Physician’s Assistant Tony Adkins puts smiles on his young patients’ faces by busting out some dance moves.
Tony Adkins never intended to go viral. More than a year ago Adkins, a physician’s assistant at CHOC Children’s, was trying to find a way to help boost the spirit of a young patient who had survived childhood leukemia but was now having to go through a series of neurological treatments and surgeries that left him and his family emotionally drained.
“When I was a little kid, I used music and dance as a way of escaping. So I decided one day to start trying to use what I did on him,” says Adkins. “I put on some music and started to act really silly and he started laughing. The next day I turned it on again and said ‘come on, get up’ and we started dancing.”
Adkins was amazed by the almost immediate change in his patient’s mood as was the young boy’s mother. She recorded the two of them together, posted it on social media, and within a year Adkins became a worldwide sensation.
He has appeared on programs like “Good Morning America,” “Good Day LA” and CTV News Toronto, and has had countless articles written about his infectious positivity. His videos and photos on Instagram amass thousands of likes and words of encouragement from all across the globe. Yet through it all, Adkins remains humble. “I just do it for the kids,” he says simply.
Growing up in South Central Los Angeles, Adkins witnessed a lot of violence in his neighborhood and both of his brothers were in gangs. “I chose not to go that route. I looked at it as motivation because I didn’t want to do that,” he says. “I saw what [my brothers] went through. I saw their friends going to jail or not making it past a certain age because they got killed and I knew this was not what I wanted to do.”
After graduating from high school, Adkins joined the United States Army. “As a kid I played with G.I. Joe, then I went into the military for nine years,” he says jokingly. When he returned home, Adkins wasn’t quite sure what to do with himself. He decided to fulfill his childhood ambition of pursuing a career in medicine. “I was one of those kids that wanted to be a pediatrician,” he says.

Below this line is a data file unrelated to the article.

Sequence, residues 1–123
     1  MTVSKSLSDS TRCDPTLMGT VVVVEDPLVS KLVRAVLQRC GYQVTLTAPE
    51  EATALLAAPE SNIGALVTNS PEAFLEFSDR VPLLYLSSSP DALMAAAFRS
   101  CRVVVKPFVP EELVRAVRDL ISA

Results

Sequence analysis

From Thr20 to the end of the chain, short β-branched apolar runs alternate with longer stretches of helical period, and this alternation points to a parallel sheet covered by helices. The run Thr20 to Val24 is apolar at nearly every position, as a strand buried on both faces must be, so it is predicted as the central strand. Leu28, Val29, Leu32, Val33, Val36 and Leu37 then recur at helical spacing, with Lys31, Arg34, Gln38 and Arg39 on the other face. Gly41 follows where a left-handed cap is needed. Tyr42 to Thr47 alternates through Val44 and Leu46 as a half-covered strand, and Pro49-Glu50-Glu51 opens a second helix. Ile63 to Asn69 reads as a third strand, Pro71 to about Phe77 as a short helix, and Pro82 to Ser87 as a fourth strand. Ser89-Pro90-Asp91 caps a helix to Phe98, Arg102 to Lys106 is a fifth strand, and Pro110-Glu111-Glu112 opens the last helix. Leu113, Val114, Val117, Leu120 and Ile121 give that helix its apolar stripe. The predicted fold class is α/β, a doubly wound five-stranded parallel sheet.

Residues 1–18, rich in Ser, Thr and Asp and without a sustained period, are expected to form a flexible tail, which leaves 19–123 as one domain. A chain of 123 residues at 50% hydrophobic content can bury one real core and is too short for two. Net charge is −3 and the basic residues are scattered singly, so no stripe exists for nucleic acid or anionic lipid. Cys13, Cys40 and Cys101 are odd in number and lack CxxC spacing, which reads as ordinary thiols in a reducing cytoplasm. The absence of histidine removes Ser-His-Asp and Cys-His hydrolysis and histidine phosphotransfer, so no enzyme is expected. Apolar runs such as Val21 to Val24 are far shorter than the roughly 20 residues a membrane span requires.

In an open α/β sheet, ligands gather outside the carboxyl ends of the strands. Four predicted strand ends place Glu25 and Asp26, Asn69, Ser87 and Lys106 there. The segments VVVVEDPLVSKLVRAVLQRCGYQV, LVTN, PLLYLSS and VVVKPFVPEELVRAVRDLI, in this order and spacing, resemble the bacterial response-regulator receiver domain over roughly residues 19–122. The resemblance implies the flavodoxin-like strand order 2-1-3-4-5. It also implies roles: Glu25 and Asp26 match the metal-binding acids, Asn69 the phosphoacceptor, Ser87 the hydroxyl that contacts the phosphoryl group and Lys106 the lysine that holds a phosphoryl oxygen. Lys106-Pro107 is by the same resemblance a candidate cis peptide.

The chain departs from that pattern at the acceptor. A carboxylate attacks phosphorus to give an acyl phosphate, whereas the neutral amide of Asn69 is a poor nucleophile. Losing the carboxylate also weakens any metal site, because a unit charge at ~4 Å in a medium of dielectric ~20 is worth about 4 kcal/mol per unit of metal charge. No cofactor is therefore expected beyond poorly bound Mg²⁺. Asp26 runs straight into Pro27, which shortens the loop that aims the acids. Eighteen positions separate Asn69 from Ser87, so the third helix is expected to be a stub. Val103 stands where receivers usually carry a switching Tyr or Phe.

Adkins received his bachelor’s degree from UC Riverside in neurosciences and a master’s degree from Loma Linda University in global health and epidemiology. He then attended the University of Washington to obtain a second master’s degree in health sciences, which allowed him to work as a physician’s assistant.
His goofy antics have had a remarkable effect on both his patients and his co-workers. Kids who haven’t smiled in days light up when the “Dancing Doc” enters their room and almost every floor at CHOC has requested that Adkins come visit them. “Everyone approaches me asking, ‘When are you going to come dance with us?’” he says, laughing. “I try my hardest to make my guest appearances on every floor. We have a good time.”
Adkins has brought joy into the lives of his patients, their families and his co-workers in an environment that is often plagued by tragedy. “Being in the hospital is stressful at times and we try to find a way to relieve that stress because we see so many things—some good, some bad,” he says. “I wouldn’t change anything about what I’ve been through to get to this point. Every day is a blessing and every day is a day to rejoice.”
Follow Tony Adkins on Instagram @t_malone3 to see all his videos.
By Megan Feighery